Ted Feinberg, the assistant executive director of the Bethesda, Md.-based National Association of School Psychologists, described the punishment as “medieval in nature,” and “intended to humiliate and degrade the child.” He suggested using a positive behavioral approach that addresses the root cause of a disciplinary problem, and an intervention that appropriately matches the offense.

Related Tags:


This content is provided by our sponsor. It is not written by and does not necessarily reflect the views of Education Week's editorial staff.
Professional Development Webinar
Strategies for Improving Student Outcomes with Teacher-Student Relationships
Explore strategies for strengthening teacher-student relationships and hear how districts are putting these methods into practice to support positive student outcomes.
Content provided by Panorama Education
This content is provided by our sponsor. It is not written by and does not necessarily reflect the views of Education Week's editorial staff.
Classroom Technology Webinar
Transform Teaching and Learning with AI
Increase productivity and support innovative teaching with AI in the classroom.
Content provided by Promethean
Curriculum Webinar Computer Science Education Movement Gathers Momentum. How Should Schools React?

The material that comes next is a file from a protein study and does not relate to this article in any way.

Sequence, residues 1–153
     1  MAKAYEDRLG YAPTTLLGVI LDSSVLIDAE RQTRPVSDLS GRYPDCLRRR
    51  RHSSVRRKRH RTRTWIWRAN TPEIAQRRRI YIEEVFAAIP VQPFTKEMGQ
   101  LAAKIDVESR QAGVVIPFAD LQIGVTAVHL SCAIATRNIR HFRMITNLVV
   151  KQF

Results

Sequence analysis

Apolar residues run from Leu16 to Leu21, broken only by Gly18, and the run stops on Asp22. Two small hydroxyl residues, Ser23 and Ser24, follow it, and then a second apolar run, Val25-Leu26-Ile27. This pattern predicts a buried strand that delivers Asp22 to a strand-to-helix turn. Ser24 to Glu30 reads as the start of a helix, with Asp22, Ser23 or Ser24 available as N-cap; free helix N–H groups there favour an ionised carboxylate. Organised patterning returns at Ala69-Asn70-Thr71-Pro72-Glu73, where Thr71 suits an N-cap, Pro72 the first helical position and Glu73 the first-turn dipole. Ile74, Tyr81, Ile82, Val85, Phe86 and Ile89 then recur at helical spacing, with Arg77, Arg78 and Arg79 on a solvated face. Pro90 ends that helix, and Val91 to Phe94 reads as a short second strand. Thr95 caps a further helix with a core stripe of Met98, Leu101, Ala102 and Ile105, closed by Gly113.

Discover how schools can expand opportunities for students to study computer science education.

EdWeek Top School Jobs

Teacher Jobs
Search over ten thousand teaching jobs nationwide — elementary, middle, high school and more.
View Jobs
Principal Jobs
Find hundreds of jobs for principals, assistant principals, and other school leadership roles.
View Jobs
Administrator Jobs
Over a thousand district-level jobs: superintendents, directors, more.
View Jobs
Support Staff Jobs
Search thousands of jobs, from paraprofessionals to counselors and more.
View Jobs

Read Next

School Climate & Safety 'Swatting' Calls and Lockdowns: Tips for Schools to Ease the Anxiety and Disruption
How school administrators can prepare for lockdowns and restore calm.
4 min read
A male police officer in a dark blue uniform walks between two white police SUVs parked in front of a three-story, red brick school building.
A police officer patrolled Glennwood Elementary School in Decatur, Ga., while the school was on lockdown in 2018.
John Amis/AP
School Climate & Safety 'Swatting' Hoaxes Disrupt Schools Across the Country. What Educators Need to Know
School lockdowns can cause stress to students, teachers, and families, even if threats don't materialize.
8 min read
A bald man and a woman with long brown hair tearfully hug a teen girl who is wearing a pale beighe backpack. Three women look on with concerned expressions.
A family shares a tearful reunion after Thomas Jefferson High School in San Antonio, Texas, went into lockdown because of a false report of a shooting.
Kin Man Hui/The San Antonio Express-News via AP
School Climate & Safety How to Spend $1 Billion in School Safety Funds: Here's What the Feds Recommend
A "Dear Colleague" letter from the Education Department puts a priority on creating inclusive, equitable school environments.
4 min read
The U.S. Department of Education urged schools to use federal funds to support the social, emotional, mental, and physical health needs of students in a "dear colleague" letter sent Sept. 15.
Third grader Alexis Kelliher points to her feelings while visiting a sensory room at Williams Elementary School in Topeka, Kan.
Charlie Riedel/AP